The Royal Oak, with its masculine octagonal case, exposed screws and integrated bracelet is one of the most distinctive watches in the market today. It is imposing and recognizable, and in my opinion, one of the best statement watches money can buy.
The Royal Oak is not only famous for what it looks like, but also how it was introduced. First released in the ’70s, the original Ref. 5402 was a bold stainless steel watch designed by Gerald Genta that created shockwaves. It was designed as a luxury sports watch and the scandalous part was that it was priced accordingly- the same as an equivalent gold watch of its era.
People just could not accept that a pedestrian material such as steel could be priced so exorbitantly and consequently, it was not very popular. It was only after some time that the public saw this as something genuinely original and avant-garde. Today though, in line with the craze for stainless steel, the Royal Oak is an icon.
While to most, every Royal Oak looks the same, to those who know- the reference 15202 sits above and beyond the rest both in aesthetics and demand. While Audemars Piguet has made many variants of time-only Royal Oaks, the 15202 is the one that is most faithful to the original Ref. 5402 and as such, shares the ‘Jumbo’ nickname. Sized at 39mm and using the same JLC derived Cal. 2121 as the original, this is the Royal Oak for the purists. Two hands, 8.1mm, and a beautiful sapphire caseback with a decorated rotor- it sits with perfect proportionality on the wrist.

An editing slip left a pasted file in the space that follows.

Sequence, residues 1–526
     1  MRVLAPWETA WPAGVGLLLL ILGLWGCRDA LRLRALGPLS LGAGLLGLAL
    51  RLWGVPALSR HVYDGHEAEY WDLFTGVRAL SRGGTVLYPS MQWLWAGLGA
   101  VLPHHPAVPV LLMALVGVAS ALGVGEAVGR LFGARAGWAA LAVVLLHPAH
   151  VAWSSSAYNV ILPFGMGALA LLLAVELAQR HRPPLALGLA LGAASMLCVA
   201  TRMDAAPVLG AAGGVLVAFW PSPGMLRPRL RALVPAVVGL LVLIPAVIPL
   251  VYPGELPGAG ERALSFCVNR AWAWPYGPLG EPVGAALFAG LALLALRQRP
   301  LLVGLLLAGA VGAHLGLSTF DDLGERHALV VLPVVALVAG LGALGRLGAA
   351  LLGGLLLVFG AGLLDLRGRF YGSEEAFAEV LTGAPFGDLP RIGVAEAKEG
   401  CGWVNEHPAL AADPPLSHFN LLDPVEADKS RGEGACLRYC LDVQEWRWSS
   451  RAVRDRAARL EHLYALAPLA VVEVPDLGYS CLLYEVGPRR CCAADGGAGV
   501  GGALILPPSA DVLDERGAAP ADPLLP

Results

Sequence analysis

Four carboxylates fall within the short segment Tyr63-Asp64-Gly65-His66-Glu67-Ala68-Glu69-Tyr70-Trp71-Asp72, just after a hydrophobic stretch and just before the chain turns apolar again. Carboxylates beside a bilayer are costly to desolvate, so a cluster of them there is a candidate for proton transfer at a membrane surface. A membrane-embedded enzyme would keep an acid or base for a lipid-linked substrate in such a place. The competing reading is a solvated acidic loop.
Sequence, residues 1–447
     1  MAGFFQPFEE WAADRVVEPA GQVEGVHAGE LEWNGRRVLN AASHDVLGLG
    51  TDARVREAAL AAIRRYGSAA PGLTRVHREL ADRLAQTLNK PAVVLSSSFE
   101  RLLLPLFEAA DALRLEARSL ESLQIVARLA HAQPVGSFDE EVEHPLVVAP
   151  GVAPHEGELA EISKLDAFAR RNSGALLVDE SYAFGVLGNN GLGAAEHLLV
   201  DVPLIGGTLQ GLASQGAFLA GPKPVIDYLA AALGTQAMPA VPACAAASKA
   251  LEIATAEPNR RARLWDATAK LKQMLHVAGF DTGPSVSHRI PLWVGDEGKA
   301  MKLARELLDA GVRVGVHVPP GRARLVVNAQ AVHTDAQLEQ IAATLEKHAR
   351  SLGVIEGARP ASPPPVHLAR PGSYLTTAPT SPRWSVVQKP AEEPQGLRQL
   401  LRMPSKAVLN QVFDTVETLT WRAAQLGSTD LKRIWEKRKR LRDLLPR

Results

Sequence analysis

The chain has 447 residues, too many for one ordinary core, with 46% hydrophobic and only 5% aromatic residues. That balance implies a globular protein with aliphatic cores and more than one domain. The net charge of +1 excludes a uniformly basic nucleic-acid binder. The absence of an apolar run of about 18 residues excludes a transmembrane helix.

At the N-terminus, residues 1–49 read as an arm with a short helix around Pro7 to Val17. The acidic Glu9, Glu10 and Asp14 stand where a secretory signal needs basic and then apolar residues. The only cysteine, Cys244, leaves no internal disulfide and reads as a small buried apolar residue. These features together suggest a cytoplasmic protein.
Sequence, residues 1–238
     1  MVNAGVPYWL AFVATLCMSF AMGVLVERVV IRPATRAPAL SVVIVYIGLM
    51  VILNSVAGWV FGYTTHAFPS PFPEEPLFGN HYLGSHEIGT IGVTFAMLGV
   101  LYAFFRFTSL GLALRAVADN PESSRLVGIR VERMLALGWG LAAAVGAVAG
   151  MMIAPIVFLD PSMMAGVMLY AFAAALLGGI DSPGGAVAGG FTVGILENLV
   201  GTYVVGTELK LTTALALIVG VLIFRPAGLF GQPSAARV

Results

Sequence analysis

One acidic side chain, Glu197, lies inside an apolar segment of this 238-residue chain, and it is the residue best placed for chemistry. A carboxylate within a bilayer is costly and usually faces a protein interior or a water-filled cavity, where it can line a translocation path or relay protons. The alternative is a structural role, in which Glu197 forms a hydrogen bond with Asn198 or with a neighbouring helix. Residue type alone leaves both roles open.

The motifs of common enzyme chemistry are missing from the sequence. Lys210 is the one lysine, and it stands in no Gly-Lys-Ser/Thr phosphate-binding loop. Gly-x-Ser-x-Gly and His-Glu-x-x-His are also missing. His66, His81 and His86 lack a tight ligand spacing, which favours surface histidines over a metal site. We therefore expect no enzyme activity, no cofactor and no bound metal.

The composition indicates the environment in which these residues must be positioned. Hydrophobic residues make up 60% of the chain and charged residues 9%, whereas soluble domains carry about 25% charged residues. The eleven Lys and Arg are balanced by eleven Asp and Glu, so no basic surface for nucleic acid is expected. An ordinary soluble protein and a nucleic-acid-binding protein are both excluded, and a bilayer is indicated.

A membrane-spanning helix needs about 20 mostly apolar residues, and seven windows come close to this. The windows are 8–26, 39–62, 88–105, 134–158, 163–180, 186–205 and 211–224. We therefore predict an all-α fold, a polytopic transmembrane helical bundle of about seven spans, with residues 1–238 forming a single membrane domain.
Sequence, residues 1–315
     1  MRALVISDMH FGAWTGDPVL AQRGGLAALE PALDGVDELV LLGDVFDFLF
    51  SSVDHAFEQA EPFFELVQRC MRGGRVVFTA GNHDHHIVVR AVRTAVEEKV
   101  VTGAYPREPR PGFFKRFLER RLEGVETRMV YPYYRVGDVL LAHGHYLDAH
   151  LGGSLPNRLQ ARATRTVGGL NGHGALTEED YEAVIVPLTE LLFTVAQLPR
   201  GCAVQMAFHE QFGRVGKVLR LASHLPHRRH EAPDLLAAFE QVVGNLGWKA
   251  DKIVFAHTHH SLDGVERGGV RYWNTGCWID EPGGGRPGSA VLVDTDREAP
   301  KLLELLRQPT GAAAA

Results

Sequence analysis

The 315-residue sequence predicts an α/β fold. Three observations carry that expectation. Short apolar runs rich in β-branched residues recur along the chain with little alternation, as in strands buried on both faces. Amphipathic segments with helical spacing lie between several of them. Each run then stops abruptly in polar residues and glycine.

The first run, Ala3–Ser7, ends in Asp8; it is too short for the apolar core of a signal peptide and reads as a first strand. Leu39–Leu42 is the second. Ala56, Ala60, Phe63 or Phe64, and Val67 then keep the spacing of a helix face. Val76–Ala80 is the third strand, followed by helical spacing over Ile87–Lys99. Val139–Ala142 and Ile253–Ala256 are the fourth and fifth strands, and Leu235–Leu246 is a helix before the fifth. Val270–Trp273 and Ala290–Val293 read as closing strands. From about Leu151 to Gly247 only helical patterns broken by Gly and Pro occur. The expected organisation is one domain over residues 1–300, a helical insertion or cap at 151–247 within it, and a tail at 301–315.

While the blue dial stainless steel 15202 introduced on the 40th anniversary of the Royal Oak in 2014 is the most known and popular, not many knew that the 15202 existed before too, in both stainless steel and yellow gold. This particular example is a first-generation 15202 in yellow gold with a white mini-tappiserie dial.
Yes, I know that the Royal Oak was always meant to be a stainless steel watch, but the sheer heft and presence of a gold Royal Oak really makes me love it. The first generation 15202’s are much rarer than its successors and one thing that I can confidently say I prefer is the movement. Despite being powered by the same Cal. 2121, the first-gen Royal Oaks featured a more intricate and artisanal gold winding rotor that spells out ‘AP’ in a very stylized way. While the newer models are nice too, they look much more machine-made.
With the recent rumors that the 15202 will be discontinued, this has fuelled a frenzy by collectors to acquire this historically important and beautiful reference.